Forums - Nintendo Discussion - Some Wii U vs Wii launch comparisons (Sales)

I thought it would be interesting to look at Wii U's launch and compare it with the Wii launch, with regard to actual sales. All data in this first post is coming from VGChartz

First things first - US system sales and total game sales in first week. Now, it's worth noting that, because both launched on Sundays, a full week is represented in both cases - no asymmetry in terms of time for selling.

Wii: 463,466 units sold, 1,372,834 games sold in total, tie ratio of 2.96 - note that this includes Wii Sports.

Wii U: 411,850 units sold, 1,139,618 games sold in total, tie ratio of 2.77 - note that this includes Nintendo Land.

Other than the 50,000 fewer units sold, it's fairly consistent between the two. If we assume that nobody bought the Basic Pack and then Nintendo Land, then the 112,119 Basic Packs, if they'd had Nintendo Land, would have boosted total games to 1,251,737, and the tie ratio to 3.04. So the difference in tie ratio can be attributed to Nintendo Land not being a pack-in with all units.

Now, on to a few interesting game comparisons...

Nintendo Land (bundled about 2/3 of the time) vs Wii Sports (nearly always bundled)

Nintendo Land: 299,731
Wii Sports: 450,584

Unsurprisingly, Nintendo Land isn't doing quite as well. This is to be expected.

New Super Mario Bros U vs Twilight Princess (Big franchise Nintendo IP battle)

NSMB U: 316,344
Twilight Princess: 367,934

This is a little more surprising. Whether it's due to a stronger third-party lineup on the Wii U, consumer tiredness of 2D Mario in the last couple of years, or early adopters of Nintendo systems tending to prefer Zelda over 2D Mario, it's not obvious, but some would likely use this as an argument for lack of innovation in 2D Mario since NSMB (or NSMB Wii with its multiplayer).

ZombiU vs Red Steel (Third-party new IP from Ubisoft that shows promise)

ZombiU: 91,394
Red Steel: 113,321

This is probably within the margin of error in terms of fluctuations in the market. That, or people are a little more cautious after Ubisoft's track record with Red Steel. I anticipate that week 2 will be the informative week, with regards to whether ZombiU is destined to perform better than Red Steel.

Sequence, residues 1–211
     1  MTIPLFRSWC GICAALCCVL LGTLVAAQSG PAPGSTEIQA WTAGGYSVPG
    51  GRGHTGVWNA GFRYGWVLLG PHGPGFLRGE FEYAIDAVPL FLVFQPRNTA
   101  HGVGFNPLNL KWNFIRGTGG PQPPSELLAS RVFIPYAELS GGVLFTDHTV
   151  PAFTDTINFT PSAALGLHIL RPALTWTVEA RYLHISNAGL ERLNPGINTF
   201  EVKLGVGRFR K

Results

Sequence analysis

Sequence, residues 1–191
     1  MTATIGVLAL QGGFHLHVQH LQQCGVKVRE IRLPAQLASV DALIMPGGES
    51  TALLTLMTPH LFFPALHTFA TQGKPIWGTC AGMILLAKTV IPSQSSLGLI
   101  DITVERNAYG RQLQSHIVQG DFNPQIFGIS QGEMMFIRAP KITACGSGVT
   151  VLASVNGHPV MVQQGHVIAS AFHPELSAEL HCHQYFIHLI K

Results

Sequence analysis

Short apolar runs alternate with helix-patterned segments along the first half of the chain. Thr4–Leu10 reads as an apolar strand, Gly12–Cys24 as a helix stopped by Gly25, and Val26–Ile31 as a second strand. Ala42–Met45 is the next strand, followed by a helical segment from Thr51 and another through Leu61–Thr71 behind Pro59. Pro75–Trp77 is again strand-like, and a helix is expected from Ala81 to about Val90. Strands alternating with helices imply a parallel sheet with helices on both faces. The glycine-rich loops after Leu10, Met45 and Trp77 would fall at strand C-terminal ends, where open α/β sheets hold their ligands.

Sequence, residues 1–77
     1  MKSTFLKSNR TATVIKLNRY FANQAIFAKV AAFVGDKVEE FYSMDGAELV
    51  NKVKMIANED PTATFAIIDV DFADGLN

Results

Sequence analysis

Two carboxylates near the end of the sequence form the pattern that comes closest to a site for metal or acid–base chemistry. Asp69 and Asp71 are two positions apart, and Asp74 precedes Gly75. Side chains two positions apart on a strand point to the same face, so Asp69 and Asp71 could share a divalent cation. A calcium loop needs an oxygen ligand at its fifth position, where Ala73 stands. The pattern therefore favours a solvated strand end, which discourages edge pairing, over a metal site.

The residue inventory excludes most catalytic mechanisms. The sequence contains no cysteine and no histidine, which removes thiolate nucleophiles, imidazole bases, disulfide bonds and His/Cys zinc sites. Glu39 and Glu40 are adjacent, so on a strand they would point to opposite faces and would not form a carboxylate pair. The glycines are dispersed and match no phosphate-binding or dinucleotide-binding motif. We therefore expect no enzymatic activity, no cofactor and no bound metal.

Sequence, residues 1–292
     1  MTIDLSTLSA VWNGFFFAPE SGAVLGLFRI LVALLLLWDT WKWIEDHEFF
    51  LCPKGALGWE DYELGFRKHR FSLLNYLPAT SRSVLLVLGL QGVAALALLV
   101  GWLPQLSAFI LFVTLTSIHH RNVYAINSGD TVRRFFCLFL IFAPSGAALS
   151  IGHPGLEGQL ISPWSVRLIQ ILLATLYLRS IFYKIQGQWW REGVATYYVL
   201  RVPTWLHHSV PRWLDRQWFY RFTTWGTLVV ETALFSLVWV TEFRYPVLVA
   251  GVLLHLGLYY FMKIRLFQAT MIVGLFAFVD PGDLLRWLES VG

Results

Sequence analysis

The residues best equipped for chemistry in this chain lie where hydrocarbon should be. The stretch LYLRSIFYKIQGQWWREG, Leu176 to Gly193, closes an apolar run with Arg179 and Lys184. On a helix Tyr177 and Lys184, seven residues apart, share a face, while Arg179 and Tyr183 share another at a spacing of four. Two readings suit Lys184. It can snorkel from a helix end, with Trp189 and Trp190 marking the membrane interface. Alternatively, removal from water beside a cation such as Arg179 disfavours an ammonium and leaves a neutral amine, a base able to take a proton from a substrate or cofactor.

Black Ops II vs Call of Duty 3 (CoD cagematch, next after ZombiU for Wii U)

Black Ops II: 77,238
CoD 3: 43,534 (sold 2.16 million worldwide)

Looks like Call of Duty on the Wii U is doing better than it was on the Wii, although CoD 3 was prior to the MW explosion. Some other comparisons with other Wii CoD titles...

CoD:WaW: 37,829 (sold 1.86 million worldwide)
CoD:MW:RE: 32,334 (sold 1.46 million worldwide)
CoD:BO: 56,658 (sold 1.22 million worldwide)
CoD:MW3: 55,289 (has sold 0.53 million worldwide so far - will probably make about 0.57 million by end of holidays)

So Black Ops II has had a good start in the US, based on history. My resulting worldwide prediction for BO2 WiiU? 4 million.

??? vs Super Monkey Ball: Banana Blitz

There doesn't appear to be anything to compare Banana Blitz to. It was the best-selling Wii title in launch week in the US other than Wii Sports, Twilight Princess, and Red Steel. I suppose an element of its appeal has been taken by Nintendo Land, but it's not a fair comparison.

Madden NFL 13 vs Madden NFL 07 (battle of the annual football title, US edition)

Madden 13: ???
Madden 07: 44,485

No data is available for Madden 13. I doubt this is due to insufficient sales, as Epic Mickey 2 for PC has managed to register 156 copies sold, and it's highly unlikely that Madden would sell less than that, considering the Wii version of Madden 13 managed over 20,000 in its first week and more than 35,000 in the week the Wii U launched. This is something to update if data becomes available.

So based on numbers so far, the Wii U does seem to be holding its own in the US, compared with the Wii. It isn't outperforming, but we cannot yet be sure whether this is due to less stock or less demand. The main upside so far appears to be Black Ops 2, which is performing more strongly than its predecessors on the Wii, despite its install base limitation. And to those who liked to compare Wii game sales with PS3/360 game sales by comparing attach ratios (in order to denigrate the Wii versions that sold better but not extremely well), I thought I'd point this out... Attach ratio for PS3 BO2 is 10.3%. Attach ratio for 360 BO2 is 11%. Attach ratio for Wii U BO2 is 18.8%. Not that this actually means anything, of course, other than the fact that the Wii U has a smaller install base.

 

As more information comes to light, regarding European and Japanese launch sales, it will be interesting to continue the comparison. And if anyone has ideas for other comparisons, feel free to post them - I claim no ownership of the updating of this thread (although I'll certainly update myself if I find more worthy comparisons).



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While I could be wrong, I think that between Mass Effect 3, Assassin's Creed 3, Call of Duty: Black Ops 2, Batman Arkham City, and ZombiU there is far more competition from third party publishers; and I think that even with a moderate decine from Red Steel to ZombiU third party publishers in general are probably doing better on the Wii U right now.

After all, with the Wii launch third party publishers had to compete against 4 Nintendo titles; Wii Sports, Zelda, Wii Play and Excite Truck while they only are in competition with 2 on the Wii U.